Where the Guacamelee! games really set themselves apart from the competition is in how its simple but deep combat system dance across the screen. A quick one-two-three followed by an almighty uppercut can send an enemy airborne. Follow that up with a downward smash, chased down with a stiff bodyslam and finally sling that sucker into one of his ghoulish pals to keep stringing attacks relentlessly satisfying in locomotion. Big combos result in big rewards, allowing you to conveniently purchase perks with coins to improve your overall strengths. It’s within its combat that truly evolves upon the underpinning Metroidvania foundations and the heart and soul of what Guacamelee! is all about.
Which goes to say, despite the familiar presence of backtracking that has always been a staple point in the genre, Guacamelee! 2 does a great job at doing so with much more diversity than to merely pad out the formula. Due to the one-hit-kill Tetris voids that later invade the world at a terminal rate, revisiting areas soon becomes a new obstacle course to take on in their own right. The easy to follow map system also keeps you in check into where to go next, as well as routes towards undiscovered areas to tempt you off course. Secret areas or special chests can be found in such corners of the map, but to get to these wonderful loot-filled boxes you must earn the right to them first. If you see the word LUCHA! splash across the screen, you know it’s time to tango. Overwise, get ready for some serious finger gymnastics until you hit a perfect 10 like Nadia Comăneci in 1976.
As with Guacamelee! Super Turbo Championship Edition, up to four players can put their wrestling skills to the test in local co-op. And just like the first game, the ability to journey into the world of the dead with a room full of buddies is just as impractical. Not to say that it isn’t fun. Having at least one friend working alongside you in synchronisation when dimension-warping with tight coordination is certainly a standout achievable feat. However, because the levels aren’t really designed for multiplayer in mind, things can begin to get really messy when the challenge spikes demand multi-tasking concentration. The sequel also has the same issues as the first game when it comes to dropping out in co-op. There’s no option or really any easy way to do it unless you exit Guacamelee! 2 completely.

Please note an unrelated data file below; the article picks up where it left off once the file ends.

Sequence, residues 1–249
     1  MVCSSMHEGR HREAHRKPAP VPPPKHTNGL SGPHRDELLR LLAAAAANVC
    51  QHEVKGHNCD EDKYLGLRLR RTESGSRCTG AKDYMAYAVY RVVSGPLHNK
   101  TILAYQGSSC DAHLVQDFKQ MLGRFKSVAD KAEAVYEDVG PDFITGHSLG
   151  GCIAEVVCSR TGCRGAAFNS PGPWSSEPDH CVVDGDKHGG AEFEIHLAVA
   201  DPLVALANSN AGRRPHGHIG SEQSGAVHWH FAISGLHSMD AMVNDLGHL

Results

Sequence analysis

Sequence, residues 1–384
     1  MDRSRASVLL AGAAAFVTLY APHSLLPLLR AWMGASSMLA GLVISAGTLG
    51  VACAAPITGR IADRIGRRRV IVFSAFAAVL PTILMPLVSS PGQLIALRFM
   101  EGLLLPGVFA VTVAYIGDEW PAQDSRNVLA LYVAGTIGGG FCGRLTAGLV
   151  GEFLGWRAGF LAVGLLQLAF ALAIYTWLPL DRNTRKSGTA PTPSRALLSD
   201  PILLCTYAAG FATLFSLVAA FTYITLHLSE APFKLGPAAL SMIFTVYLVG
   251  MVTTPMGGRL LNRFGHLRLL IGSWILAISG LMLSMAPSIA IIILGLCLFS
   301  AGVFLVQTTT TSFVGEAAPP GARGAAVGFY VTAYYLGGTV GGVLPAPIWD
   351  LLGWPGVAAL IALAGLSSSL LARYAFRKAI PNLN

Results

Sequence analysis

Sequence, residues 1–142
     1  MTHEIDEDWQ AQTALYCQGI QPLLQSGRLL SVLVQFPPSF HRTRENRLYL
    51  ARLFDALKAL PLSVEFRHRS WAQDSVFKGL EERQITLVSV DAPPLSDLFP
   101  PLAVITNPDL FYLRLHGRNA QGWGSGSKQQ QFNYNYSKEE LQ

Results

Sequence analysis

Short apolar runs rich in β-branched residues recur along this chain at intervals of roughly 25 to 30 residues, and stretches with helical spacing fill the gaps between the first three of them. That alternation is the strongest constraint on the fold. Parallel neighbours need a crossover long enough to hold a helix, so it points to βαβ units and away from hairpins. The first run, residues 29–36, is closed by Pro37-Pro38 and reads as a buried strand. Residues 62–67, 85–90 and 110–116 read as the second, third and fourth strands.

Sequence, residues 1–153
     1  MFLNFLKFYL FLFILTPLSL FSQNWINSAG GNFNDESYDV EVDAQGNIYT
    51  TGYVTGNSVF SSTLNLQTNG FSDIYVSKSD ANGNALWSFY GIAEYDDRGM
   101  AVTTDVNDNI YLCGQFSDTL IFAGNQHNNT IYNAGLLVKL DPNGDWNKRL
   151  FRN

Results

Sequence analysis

Both the visuals and sound are as glorious as ever, full of vibrancy and true to the artistic tone of Mexican flavour. It keeps the personality of the first adventure perfectly while improving upon the design with lashings of detail and lag-free finesse. Returning characters have plenty of personality as do the new, with plenty of references from both gaming and popular culture intact. Some may find such references a little tiring due to so many indie games nowadays shoe-horning them in, but at least they are not constantly shoved down your throat at any given turn in this case. If anything, I personally found such callbacks pleasing for the most part. Watching a poor bystander in shock as you force-feed his ride with fists and belly-flops makes a nice callback to a certain fighting game’s bonus stage.
As its primary criticism, Guacamelee! 2 could very well be deemed as more of the same. In any case, the attention to incredible level design and gameplay value proves that DrinkBox Studios had plenty more tricks to show with the old tools in hand. As for first-timers, if you don’t mind being spoiled by the final goings-on of the first adventure, then this sequel is definitely approachable enough for you to dive straight into it blindly. Either way, both games are fantastic games in their own right, but Guacamelee! 2 stands prouder with its chest out as a worthy sequel that should not be overlooked by anyone with a Nintendo Switch.
Version Tested: Nintendo Switch
Review copy provided by DrinkBox Studios